L.A. ZOO MOURNS THE LOSS OF ITS AFRICAN LION PAIR
21-Year-Old Partners Hubert and Kalisa Lived a Long Life As Loyal Companions
The Los Angeles Zoo is sad to announce the death of our African lion pair, Hubert and Kalisa. Animal care and health staff made the difficult decision to humanely euthanize the 21-year-old companions on Thursday, July 30 due to their declining health and age-related illnesses that diminished their quality of life. The beloved pair resided at the L.A. Zoo for the past six years.
“Hubert and Kalisa are an iconic part of the L.A. Zoo experience, and our staff and guests have been touched by their loyal companionship,” said Denise Verret, CEO & Zoo Director of the L.A. Zoo. “Their longevity is truly a testament to the level of expert care our veterinary and animal care teams provide for our elderly animals. These lions will remain a positive part of our history, and they will be greatly missed.”
Hubert was born Feb. 7, 1999 at the Lincoln Park Zoo. Over the course of Hubert’s life, he fathered 10 cubs and met his long-time companion, Kalisa, a female African lion born Dec. 26, 1998, at the Woodland Park Zoo. In 2014, Hubert and Kalisa moved from the Woodland Park Zoo to the L.A. Zoo. While the pair have been long-time companions, they never produced cubs together.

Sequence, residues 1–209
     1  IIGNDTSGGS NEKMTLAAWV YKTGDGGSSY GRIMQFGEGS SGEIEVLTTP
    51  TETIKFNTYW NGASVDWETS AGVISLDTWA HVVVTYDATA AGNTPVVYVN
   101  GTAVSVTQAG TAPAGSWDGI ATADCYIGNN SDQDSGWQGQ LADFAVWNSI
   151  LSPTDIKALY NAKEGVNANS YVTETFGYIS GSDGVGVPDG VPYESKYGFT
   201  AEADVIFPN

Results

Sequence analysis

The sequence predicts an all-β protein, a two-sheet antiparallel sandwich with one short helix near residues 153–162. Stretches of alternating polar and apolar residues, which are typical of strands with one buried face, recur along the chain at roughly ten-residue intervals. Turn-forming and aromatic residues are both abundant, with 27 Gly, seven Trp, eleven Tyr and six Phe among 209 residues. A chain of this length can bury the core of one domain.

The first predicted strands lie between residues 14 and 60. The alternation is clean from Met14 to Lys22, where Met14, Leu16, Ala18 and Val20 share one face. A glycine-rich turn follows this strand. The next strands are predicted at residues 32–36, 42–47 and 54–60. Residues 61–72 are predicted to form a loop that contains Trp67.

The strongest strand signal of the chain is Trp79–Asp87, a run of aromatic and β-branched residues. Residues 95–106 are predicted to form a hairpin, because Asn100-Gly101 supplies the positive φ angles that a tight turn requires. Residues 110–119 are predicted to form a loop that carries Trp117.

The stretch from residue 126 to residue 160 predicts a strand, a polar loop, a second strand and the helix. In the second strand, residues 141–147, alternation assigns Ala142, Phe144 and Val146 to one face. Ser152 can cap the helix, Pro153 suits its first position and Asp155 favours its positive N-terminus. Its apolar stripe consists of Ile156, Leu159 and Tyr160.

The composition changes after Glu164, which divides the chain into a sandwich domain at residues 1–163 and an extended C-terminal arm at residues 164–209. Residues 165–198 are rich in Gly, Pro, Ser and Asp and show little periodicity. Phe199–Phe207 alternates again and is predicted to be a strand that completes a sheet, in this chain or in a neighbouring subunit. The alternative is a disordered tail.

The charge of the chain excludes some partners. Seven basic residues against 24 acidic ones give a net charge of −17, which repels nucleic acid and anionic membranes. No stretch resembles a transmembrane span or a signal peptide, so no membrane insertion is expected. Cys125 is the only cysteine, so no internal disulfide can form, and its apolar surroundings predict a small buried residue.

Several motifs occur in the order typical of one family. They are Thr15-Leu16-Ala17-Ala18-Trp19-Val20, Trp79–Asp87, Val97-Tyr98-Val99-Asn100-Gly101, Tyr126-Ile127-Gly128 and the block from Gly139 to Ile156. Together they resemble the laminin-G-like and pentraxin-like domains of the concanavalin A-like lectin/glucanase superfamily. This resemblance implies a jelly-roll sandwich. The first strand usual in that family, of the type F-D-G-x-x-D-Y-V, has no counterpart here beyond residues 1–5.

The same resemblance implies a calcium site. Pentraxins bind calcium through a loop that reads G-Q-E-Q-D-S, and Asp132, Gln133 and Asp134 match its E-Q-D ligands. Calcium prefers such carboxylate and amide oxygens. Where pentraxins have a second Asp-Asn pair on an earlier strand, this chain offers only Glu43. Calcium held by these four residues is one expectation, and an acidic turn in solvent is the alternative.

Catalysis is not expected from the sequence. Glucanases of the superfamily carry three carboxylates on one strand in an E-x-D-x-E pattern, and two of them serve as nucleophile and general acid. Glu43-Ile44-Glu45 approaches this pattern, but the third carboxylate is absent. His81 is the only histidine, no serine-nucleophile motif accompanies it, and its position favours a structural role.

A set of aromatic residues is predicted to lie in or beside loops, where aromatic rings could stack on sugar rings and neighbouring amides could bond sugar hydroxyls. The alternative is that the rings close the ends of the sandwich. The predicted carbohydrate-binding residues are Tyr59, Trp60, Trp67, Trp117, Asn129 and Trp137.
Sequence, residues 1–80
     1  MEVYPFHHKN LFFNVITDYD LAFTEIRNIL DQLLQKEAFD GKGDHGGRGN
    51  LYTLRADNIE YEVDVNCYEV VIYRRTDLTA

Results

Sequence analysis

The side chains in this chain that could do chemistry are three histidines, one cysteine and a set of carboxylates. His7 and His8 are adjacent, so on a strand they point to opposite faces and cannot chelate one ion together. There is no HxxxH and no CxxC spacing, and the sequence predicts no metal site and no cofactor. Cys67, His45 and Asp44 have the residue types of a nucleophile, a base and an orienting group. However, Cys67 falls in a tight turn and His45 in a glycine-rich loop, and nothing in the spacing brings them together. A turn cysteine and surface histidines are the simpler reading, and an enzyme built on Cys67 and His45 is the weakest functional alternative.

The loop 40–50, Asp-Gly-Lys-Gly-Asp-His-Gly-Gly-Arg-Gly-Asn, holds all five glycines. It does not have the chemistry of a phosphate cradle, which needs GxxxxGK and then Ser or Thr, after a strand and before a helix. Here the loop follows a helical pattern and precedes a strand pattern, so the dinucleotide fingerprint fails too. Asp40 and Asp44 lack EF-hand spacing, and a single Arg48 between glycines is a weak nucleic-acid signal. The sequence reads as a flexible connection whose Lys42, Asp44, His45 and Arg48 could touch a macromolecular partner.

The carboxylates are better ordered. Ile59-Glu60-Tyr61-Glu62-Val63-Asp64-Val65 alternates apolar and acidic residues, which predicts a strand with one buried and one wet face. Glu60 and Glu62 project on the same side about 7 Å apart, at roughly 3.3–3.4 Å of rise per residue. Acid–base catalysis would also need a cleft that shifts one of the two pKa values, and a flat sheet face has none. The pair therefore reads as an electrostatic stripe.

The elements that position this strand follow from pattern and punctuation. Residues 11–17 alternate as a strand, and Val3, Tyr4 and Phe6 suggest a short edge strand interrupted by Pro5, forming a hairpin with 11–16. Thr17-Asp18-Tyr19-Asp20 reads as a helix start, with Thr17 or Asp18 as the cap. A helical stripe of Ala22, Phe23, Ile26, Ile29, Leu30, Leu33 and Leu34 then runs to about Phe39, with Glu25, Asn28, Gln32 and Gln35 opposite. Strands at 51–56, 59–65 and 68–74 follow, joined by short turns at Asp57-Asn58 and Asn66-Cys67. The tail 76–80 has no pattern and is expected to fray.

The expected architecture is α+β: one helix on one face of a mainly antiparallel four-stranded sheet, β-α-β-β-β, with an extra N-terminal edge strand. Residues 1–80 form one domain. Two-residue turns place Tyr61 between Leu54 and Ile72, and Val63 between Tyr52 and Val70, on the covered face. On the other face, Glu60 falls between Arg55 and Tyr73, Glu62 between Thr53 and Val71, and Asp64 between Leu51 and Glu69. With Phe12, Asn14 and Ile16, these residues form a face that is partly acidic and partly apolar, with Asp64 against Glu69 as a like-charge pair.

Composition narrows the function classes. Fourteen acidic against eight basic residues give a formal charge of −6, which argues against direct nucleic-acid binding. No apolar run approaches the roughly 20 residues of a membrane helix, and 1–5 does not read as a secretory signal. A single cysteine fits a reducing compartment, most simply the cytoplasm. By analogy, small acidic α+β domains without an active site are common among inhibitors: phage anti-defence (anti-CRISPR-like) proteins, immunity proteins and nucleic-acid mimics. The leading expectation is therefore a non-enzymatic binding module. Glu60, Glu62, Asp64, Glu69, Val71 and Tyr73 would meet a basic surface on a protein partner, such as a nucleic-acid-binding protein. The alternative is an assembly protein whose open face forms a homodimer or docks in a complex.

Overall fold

“This is a very hard loss for our Zoo community,” said Alisa Behar, curator of mammals at the L.A. Zoo. “In the early mornings, staff would routinely hear Hubert’s waking roars, and I will personally miss hearing them on my walks around the grounds. You cannot think of Hubert without thinking of his companion, Kalisa; they’ve been an inseparable couple for years. I have to commend our animal care and veterinary staff for the great care they’ve given this pair, a couple who lived longer than most lions do in human care and the wild.”
The average life expectancy for African lions in the wild is mid-teens and about 17 years in Zoos. The African lion is native to the savannas, arid woodlands, and semi-desert regions from south of the Sahara Desert to South Africa. With an estimated declining wild population of 23,000-39,000 lions, the IUCN Red List categorizes the African lion as vulnerable due to human-wildlife conflict, prey depletion, the illegal trade of lion body parts for traditional medicine, trophy hunting, and disease.
About the Los Angeles Zoo
Accredited by the Association of Zoos and Aquariums (AZA), the landmark Los Angeles Zoo and Botanical Gardens, drawing more than 1.8 million visitors each year, is home to a diverse collection of 1,400 animals representing 270 different species, 58 of which are endangered. Its lush grounds on 133 acres feature various plant species from around the world and California including many rare and endangered species. The Zoo is located in Griffith Park at the junction of the Ventura (134) and Golden State (5) freeways. Admission is $22 for adults and $17 for children ages 2 to 12. The Zoo is currently closed to the public until further notice. For information, call (323) 644-4200 or visit the L.A. Zoo website at www.lazoo.org.
Author: LA Zoo